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Browse the 1966 Encyclopaedia of New Zealand
Graphic: An Encyclopaedia of New Zealand 1966.


This information was published in 1966 in An Encyclopaedia of New Zealand, edited by A. H. McLintock. It has not been corrected and will not be updated.

Up-to-date information can be found elsewhere in Te Ara.


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The Buller is the major river of the west coast of the South Island and is named after Charles Buller who did much to further the colonisation of New Zealand. Its Maori name, Kawatiri, is believed to mean “deep and swift”, an appropriate description of the river with the greatest flood discharge in New Zealand. With a lowest measured discharge of 2,290 cusecs, the highest discharge is 437,000 cusecs, but little electric power has been generated from it or its many important tributary rivers, although schemes to do so are now being put forward.

From its source at Lake Rotoiti (1,997 ft), it flows in a changing but predominantly westerly direction for 105 miles to reach the sea at Westport, crossing the north-trending geologic and topographic grain of the country. Most of its catchment area of 2,510 square miles is mountainous and nearly three-quarters of it are clothed in native bush. For most of its length the river flows in steep-sided gorges with many rapids, crossing wide gravel-floored plains or valleys at Murchison, Inangahua and the coast.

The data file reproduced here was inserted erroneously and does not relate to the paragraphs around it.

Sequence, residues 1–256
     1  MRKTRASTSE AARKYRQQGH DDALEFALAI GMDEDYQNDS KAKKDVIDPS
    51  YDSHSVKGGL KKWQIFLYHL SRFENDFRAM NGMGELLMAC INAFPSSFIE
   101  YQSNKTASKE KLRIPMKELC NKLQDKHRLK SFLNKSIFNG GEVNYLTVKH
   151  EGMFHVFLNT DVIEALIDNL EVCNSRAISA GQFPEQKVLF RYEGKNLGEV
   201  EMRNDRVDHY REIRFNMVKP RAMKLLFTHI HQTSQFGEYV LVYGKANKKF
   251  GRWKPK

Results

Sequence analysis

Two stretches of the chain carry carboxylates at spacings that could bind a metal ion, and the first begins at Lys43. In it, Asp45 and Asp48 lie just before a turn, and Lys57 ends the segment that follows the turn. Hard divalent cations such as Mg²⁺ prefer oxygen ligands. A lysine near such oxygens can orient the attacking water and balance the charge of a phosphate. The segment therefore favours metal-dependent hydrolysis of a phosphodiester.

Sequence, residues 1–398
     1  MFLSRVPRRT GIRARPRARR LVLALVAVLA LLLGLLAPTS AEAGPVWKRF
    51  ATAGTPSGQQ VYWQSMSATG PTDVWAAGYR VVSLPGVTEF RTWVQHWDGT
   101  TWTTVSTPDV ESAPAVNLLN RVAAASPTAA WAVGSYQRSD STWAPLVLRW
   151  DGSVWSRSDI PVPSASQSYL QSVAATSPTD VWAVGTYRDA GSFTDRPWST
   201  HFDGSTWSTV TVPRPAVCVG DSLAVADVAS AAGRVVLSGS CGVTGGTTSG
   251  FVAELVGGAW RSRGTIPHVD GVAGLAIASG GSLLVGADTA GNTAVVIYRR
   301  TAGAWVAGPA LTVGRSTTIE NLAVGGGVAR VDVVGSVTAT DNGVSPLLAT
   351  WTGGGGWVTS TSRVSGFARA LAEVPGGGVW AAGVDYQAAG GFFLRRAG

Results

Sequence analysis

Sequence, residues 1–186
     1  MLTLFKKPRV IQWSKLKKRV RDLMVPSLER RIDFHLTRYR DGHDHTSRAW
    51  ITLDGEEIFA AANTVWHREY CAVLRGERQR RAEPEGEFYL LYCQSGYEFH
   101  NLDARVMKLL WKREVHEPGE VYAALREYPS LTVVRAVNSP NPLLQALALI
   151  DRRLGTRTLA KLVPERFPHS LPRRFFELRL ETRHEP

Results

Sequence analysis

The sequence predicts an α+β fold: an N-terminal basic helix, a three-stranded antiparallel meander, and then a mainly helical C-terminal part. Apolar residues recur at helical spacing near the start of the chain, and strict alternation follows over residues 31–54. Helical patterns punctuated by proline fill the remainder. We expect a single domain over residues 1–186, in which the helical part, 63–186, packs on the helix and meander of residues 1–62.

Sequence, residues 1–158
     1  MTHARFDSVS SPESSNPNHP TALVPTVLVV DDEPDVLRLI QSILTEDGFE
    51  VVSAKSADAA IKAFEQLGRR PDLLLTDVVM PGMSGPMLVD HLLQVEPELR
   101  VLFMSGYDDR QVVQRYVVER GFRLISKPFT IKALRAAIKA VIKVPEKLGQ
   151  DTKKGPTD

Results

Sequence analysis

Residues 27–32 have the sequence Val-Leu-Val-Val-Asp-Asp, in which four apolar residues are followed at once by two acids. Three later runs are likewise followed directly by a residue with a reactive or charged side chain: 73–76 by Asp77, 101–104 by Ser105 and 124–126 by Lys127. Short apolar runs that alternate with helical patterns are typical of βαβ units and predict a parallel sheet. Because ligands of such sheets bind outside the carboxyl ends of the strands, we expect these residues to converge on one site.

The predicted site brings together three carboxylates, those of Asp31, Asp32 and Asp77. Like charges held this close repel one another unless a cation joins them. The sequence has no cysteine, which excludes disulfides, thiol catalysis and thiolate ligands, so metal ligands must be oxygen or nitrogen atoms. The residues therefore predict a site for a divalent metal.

Westport (pop. 5,464), has a typical bar harbour through which passes much of the output of the Buller coalfield. Both the main railway line and the main road to Canterbury follow the Buller Valley from Westport to Inangahua. The road from Westport to Nelson leaves the Buller at Kawatiri, and that to Blenheim follows the river past its source at Lake Rotoiti.

by Frederick Ernest Bowen, B.SC.(DURHAM), New Zealand Geological Survey, Otahuhu.


Frederick Ernest Bowen, B.SC.(DURHAM), New Zealand Geological Survey, Otahuhu.